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Nucleus: Definition & Function

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  • 0:00 Types of Nucleus
  • 0:40 Structure
  • 1:14 The Nucleus Protects DNA
  • 1:40 Nucleus Manages Many…
  • 3:30 Lesson Summary
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Lesson Transcript
Instructor: Angela Lynn Swafford

Lynn has a BS and MS in biology and has taught many college biology courses.

A nucleus is like the brain of your cells. In this lesson, you will learn about its various responsibilities, and then you can test how well you grasp this material by taking a quiz.

Types of Nucleus

The word 'nucleus' can refer to the center of an atom or the control center of a cell. This lesson will discuss the nucleus of a cell.

You have over 200 different types of cells in your body. Some can be really thin and long, like a nerve cell that runs all the way from your spinal cord to your foot. Some, like a fat cell, have a more rounded shape. No matter what your cells look like, there is one important thing they all have in common: a nucleus. This is a control center that is found inside all of your cells at some point during their life. A nucleus is responsible for determining and controlling what a cell looks like and what it does.

Structure

A nuclear envelope encloses the nucleus to keep it separate from surrounding materials in the cell. Sometimes substances need to move into or out of the nucleus, and this is possible because there are little holes in the nuclear envelope called nuclear pores. Inside the nucleus is at least one dark-colored mass called a nucleolus. DNA occupies most of the rest of the space inside a nucleus. DNA is genetic material that has the instructions necessary to build proteins. Proteins are responsible for helping with most activities in a cell.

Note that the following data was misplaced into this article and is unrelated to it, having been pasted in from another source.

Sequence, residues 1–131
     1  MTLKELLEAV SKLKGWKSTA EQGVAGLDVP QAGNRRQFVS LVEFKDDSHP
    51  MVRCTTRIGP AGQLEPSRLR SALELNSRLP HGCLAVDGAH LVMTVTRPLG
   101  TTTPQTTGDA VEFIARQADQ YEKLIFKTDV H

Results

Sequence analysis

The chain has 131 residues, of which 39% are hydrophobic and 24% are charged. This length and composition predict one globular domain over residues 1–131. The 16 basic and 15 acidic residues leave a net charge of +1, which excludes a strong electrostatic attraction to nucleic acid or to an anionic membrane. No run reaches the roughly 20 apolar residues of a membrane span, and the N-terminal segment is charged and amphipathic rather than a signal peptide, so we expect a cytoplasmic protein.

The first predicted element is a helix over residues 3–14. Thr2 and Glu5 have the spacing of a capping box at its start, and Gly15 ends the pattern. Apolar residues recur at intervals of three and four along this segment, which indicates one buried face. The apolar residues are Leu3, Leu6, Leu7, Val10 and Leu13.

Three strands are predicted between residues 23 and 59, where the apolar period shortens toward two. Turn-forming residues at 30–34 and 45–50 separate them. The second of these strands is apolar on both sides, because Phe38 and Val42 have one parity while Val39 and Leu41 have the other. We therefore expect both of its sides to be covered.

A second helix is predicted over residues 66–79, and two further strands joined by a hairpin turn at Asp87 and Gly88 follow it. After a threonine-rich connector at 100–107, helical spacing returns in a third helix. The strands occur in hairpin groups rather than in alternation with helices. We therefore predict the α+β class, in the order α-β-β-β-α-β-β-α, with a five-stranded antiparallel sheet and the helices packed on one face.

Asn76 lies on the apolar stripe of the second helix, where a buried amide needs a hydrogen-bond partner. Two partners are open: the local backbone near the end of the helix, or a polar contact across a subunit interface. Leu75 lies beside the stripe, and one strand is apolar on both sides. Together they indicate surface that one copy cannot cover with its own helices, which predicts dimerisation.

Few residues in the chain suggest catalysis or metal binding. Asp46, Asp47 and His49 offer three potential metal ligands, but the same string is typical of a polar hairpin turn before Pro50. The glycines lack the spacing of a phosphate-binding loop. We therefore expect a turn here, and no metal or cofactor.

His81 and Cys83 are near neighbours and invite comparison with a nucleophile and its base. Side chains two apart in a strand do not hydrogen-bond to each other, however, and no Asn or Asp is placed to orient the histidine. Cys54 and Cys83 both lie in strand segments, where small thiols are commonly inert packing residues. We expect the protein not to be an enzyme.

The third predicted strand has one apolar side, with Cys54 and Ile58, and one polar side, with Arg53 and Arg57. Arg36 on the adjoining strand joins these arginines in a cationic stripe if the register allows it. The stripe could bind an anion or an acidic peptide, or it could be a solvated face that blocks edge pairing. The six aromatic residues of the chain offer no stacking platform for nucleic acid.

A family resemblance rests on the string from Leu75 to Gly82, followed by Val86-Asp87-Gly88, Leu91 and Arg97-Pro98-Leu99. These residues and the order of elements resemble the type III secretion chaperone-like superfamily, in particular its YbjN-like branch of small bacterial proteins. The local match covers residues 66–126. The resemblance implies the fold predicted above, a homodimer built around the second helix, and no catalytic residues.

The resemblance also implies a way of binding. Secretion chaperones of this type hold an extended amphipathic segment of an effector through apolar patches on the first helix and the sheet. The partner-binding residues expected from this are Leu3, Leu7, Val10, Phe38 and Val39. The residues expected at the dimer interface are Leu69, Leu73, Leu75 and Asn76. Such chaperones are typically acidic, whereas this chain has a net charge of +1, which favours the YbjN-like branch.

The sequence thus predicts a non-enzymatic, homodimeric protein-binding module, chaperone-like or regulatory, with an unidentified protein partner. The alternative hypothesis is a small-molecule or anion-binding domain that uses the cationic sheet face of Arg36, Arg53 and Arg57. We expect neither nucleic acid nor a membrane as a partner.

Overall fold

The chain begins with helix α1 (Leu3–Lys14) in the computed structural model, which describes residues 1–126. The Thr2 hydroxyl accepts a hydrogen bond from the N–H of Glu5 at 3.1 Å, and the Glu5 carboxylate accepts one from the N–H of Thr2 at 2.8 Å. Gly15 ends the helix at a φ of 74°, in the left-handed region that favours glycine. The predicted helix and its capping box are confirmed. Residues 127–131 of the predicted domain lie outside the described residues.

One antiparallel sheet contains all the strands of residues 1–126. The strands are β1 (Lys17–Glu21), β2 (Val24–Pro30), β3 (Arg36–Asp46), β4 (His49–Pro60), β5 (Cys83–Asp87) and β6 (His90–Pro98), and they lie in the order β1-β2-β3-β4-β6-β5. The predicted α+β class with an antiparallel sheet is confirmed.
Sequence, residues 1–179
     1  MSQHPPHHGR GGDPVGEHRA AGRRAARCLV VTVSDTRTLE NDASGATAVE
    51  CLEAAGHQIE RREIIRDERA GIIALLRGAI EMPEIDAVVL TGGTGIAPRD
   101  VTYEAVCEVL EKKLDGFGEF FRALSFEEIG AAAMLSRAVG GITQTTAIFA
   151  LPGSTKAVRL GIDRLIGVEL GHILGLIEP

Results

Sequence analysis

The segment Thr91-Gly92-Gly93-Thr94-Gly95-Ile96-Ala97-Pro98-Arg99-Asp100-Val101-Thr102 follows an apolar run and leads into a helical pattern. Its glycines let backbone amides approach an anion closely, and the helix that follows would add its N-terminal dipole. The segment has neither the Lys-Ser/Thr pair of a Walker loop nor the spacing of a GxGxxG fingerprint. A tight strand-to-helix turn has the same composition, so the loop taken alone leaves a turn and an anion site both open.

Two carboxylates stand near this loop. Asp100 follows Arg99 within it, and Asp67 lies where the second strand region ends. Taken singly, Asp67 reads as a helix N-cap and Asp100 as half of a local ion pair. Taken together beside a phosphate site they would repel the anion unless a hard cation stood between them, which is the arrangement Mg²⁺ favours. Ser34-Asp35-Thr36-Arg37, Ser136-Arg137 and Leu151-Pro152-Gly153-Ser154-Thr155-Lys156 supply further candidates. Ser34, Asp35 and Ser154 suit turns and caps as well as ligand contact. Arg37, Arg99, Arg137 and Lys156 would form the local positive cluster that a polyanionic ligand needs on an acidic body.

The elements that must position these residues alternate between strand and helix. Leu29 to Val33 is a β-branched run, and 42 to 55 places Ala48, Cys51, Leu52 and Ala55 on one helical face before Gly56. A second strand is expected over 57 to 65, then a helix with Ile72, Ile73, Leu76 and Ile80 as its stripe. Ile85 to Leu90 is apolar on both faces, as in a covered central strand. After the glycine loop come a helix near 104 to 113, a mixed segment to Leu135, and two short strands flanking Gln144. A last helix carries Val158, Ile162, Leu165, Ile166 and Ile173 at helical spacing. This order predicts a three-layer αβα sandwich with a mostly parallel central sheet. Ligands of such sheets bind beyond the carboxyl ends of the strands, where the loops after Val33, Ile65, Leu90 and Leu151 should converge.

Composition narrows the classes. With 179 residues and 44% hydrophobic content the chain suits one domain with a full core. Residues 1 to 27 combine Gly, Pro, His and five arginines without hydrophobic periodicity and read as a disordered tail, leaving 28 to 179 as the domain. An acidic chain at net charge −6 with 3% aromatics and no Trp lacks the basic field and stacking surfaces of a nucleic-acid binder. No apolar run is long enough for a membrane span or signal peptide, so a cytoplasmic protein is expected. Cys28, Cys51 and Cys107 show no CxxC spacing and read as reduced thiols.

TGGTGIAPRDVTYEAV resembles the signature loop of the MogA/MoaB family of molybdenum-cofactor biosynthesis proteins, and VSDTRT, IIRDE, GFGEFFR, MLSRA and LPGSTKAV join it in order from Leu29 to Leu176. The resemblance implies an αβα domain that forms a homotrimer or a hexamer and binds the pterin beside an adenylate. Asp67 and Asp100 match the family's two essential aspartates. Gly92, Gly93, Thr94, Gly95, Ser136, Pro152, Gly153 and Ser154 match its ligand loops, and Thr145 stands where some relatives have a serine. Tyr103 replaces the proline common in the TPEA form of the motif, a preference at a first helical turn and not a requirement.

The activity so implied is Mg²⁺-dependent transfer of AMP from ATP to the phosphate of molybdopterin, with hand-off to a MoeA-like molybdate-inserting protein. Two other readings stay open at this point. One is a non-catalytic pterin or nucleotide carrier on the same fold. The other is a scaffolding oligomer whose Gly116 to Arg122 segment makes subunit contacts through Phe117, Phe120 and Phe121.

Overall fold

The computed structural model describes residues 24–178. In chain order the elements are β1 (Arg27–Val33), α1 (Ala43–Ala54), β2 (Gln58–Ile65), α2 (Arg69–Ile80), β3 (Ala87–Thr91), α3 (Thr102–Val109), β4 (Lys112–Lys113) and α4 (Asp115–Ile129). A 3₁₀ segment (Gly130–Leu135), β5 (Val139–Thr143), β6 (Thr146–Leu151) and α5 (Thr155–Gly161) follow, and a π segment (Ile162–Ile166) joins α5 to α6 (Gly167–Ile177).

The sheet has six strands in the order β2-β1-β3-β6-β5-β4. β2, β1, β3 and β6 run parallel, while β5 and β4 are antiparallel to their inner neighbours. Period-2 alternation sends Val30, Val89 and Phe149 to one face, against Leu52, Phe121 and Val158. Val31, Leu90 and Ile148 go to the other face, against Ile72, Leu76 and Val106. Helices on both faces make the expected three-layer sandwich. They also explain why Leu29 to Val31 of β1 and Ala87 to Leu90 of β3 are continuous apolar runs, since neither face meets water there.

The Nucleus Protects DNA

Your DNA is organized into about 20,000 genes, basically instruction manuals for our bodies. Without all of these genes, your body would not be able to make proteins. Proteins are absolutely necessary to make sure everything in your body is working properly. The nucleus helps protect your very important DNA. More specifically, the nuclear envelope keeps your genes separate from the other structures inside a cell.

Nucleus Manages Many Cellular Activities

The brain is your body's control center. The nucleus is a cell's control center. The nucleus oversees many processes that occur inside a cell. Let's take a look at some of them more closely.

  • DNA replication is a process of duplicating or doubling a cell's genetic material. DNA replication must occur before a cell can reproduce.
  • Cell division is when a cell reproduces or splits into two new cells. Each new cell gets one copy of the duplicated DNA.
  • Gene expression is the process of using the DNA in a gene to make a product, such as a protein. Every cell in your body has the same genes, but only some are used to make proteins. Only these genes are considered to be expressed, or turned on. It is these active genes that give a cell its specific function and shape.
  • Transcription is the process of creating RNA molecules using DNA instructions. This is the first step in making a protein. It involves producing three kinds of RNA:
    • mRNA is messenger RNA. It carries instructions for making a protein.
    • tRNA is transfer RNA. It assists with making proteins.
    • rRNA is ribosomal RNA. It also helps with building proteins, but it is the only RNA type to be transcribed, or made, in the nucleolus.

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